The type of Oriental Rug fibers used for the different parts of the construction of an oriental rug are a characteristic that can help determine its origin and value.
The foundation of the majority of oriental rugs consists of yarn fibers wrapped around a loom from top to bottom forming one part of the foundation called the warp cords. Other yarn fibers are woven across these warps and are called weft cords.
On most oriental rugs, yarn is cut and hand knotted onto the warps, followed by one or more weft yarns that are woven across the warps on top of the knots. The weft yarns are then beaten down by the weaver to secure the knots. The knots form the pile.
The most common fibers used in the making of Oriental Rugs are the following:
Additional fibers may be used but to a very limited extent:
**A SPECIAL NOTE ABOUT RAYON FIBER: Rayon is a man made fiber that has a look and feel similar to silk. Rayon fibers are sometimes inserted into the rug design as highlights.
The buyer of oriental rugs should be aware that manufacturers or dealers may try to pass off oriental rugs as having silk inserts, which would raise the value, thus the cost to the consumer.
Unscrupulous dealers may try to pass off a rug woven entirely of rayon fibers as a silk rug. Rayon is not a resilient fiber and rayon rugs will wear much faster than other fibers.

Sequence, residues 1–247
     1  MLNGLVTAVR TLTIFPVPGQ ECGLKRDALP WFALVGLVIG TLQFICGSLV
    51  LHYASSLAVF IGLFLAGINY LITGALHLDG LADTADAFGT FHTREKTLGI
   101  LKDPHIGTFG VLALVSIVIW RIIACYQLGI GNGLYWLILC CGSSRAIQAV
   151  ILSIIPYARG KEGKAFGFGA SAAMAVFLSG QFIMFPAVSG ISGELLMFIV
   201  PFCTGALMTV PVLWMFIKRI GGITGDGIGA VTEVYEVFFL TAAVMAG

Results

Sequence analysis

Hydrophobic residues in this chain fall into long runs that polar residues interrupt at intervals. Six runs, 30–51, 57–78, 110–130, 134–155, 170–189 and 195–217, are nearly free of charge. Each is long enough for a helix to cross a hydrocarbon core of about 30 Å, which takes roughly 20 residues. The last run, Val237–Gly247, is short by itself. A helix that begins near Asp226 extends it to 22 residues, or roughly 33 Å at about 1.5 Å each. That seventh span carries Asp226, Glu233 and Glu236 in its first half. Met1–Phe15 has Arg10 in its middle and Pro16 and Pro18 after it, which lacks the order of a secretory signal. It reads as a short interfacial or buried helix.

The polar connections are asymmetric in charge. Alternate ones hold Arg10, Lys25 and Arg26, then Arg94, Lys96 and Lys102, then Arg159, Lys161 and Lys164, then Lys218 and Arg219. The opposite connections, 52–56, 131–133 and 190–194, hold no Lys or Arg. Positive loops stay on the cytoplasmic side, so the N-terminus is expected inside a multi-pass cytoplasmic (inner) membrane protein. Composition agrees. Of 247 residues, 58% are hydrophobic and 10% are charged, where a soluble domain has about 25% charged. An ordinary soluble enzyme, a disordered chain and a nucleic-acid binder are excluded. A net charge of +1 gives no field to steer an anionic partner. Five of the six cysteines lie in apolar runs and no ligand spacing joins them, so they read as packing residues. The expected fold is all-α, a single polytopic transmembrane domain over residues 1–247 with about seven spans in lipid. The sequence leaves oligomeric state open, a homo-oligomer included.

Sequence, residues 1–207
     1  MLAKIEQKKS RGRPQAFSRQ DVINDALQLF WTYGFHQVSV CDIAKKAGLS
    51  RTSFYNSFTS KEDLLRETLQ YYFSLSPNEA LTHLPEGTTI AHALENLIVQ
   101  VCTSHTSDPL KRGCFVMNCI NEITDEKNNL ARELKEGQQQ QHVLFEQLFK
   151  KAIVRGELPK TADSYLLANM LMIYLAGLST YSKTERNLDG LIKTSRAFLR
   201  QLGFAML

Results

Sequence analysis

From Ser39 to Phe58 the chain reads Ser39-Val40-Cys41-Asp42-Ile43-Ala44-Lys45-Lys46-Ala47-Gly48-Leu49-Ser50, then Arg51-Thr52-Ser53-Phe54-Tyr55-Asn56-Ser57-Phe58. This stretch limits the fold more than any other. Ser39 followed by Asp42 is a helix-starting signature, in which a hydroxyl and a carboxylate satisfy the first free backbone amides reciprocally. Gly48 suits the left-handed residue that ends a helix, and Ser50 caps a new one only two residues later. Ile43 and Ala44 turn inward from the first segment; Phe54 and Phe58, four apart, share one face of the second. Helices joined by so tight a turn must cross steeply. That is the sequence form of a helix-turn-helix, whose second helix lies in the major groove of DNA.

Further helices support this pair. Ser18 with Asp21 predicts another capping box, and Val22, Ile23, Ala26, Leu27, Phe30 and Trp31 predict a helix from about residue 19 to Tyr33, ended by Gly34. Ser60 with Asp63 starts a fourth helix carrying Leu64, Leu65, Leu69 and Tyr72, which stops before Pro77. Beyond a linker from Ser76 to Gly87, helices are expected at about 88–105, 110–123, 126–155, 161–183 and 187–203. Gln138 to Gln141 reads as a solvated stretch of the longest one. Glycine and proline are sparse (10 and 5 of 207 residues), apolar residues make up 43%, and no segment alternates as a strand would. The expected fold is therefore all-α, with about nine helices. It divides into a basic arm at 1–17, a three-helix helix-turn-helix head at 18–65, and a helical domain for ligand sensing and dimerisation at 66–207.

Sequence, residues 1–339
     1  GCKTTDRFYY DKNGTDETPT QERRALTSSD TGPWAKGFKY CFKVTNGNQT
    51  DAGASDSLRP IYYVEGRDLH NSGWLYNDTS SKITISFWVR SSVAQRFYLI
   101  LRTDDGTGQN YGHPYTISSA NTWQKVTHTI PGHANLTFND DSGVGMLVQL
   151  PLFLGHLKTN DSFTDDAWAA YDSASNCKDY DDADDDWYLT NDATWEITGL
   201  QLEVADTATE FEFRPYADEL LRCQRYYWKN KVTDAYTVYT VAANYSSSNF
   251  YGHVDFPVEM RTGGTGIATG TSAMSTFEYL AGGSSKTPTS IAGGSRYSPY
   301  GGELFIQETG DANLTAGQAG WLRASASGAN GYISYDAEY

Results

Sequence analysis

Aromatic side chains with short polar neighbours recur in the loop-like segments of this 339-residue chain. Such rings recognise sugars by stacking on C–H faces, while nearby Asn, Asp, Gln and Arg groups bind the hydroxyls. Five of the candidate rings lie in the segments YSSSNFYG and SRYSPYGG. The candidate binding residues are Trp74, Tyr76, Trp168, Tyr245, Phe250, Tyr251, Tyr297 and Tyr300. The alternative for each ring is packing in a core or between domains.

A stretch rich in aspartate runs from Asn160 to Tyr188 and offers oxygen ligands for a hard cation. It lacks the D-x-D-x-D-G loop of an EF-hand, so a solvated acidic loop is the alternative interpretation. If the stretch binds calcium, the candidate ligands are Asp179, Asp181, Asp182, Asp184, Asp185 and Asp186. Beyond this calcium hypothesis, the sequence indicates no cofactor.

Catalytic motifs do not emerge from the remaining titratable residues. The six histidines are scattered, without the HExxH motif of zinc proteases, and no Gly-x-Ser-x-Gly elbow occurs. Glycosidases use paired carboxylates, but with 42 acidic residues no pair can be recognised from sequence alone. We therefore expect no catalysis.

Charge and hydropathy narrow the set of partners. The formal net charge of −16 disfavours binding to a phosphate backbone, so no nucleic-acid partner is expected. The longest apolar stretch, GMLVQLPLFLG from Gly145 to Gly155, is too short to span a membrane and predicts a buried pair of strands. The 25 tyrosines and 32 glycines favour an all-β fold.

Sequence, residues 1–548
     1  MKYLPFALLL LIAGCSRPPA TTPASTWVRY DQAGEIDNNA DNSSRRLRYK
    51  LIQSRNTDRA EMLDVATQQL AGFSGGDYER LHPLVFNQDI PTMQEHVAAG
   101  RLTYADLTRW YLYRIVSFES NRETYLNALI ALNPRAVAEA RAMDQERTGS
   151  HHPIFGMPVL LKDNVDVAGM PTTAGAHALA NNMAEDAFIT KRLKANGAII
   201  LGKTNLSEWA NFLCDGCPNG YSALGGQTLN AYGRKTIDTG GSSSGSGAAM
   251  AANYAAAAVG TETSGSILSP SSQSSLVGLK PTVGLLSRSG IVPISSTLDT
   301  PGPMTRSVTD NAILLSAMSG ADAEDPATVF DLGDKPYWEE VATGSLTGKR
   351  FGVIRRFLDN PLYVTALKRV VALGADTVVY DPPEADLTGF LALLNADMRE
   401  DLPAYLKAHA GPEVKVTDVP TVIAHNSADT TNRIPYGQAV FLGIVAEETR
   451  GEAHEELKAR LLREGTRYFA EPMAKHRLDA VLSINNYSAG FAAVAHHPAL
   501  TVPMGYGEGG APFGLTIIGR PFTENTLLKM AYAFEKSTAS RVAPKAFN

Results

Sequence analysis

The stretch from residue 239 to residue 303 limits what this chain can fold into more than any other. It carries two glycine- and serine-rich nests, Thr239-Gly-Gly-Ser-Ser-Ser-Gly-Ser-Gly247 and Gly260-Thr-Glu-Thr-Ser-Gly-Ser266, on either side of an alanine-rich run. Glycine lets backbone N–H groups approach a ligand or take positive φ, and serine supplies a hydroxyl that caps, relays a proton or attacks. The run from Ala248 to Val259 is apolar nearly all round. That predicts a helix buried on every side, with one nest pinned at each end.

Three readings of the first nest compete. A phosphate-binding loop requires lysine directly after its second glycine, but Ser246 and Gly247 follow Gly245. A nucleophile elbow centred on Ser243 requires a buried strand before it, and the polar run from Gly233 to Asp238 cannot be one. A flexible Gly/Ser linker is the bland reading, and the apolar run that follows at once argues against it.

Find out more about rayon rugs and silk rugs.
Wool is the most common fiber used in the making of oriental rugs. Most often it is used in the pile but it may also be found in the warp and/or weft yarns used in the foundation of the rug.
It is wool's resilience that makes it the best choice of fiber. Wool is excellent at hiding dirt and soil and is a totally sustainable resource.
Cotton is most commonly the fiber used for making the warp and weft foundation. Cotton can also be used in the pile, though it is not as common.
It is usually in its natural, undyed form unless it has been dyed for identification purposes.
Silk, since it is the most expensive fiber used in oriental rugs, is more commonly found in the pile or knots than in the warp and weft foundation.
It is the most resilient, naturally occurring fiber and it provides a luxurious, lustrous look and texture. It is the fiber used most to make the most intricately knotted rugs.
An Oriental rug is constructed with fiber that is spun and plied to form yarn. Different or same fibers may be used in the pile and foundation.
Yarn is formed from fibers being drawn out and twisted together in the process called spinning. Yarn that is twisted in a clock-wise direction is called-S-spun. Yarn spun in a counter-clock-wise direction is called Z-spun.
When rugs are manufactured, 2 or 3 strands of yarn that each have a twist to them will be put together and then twisted together in the direction opposite to that in which they were spun.
This is the process called plying and it is used to create a strong, balanced yarn.
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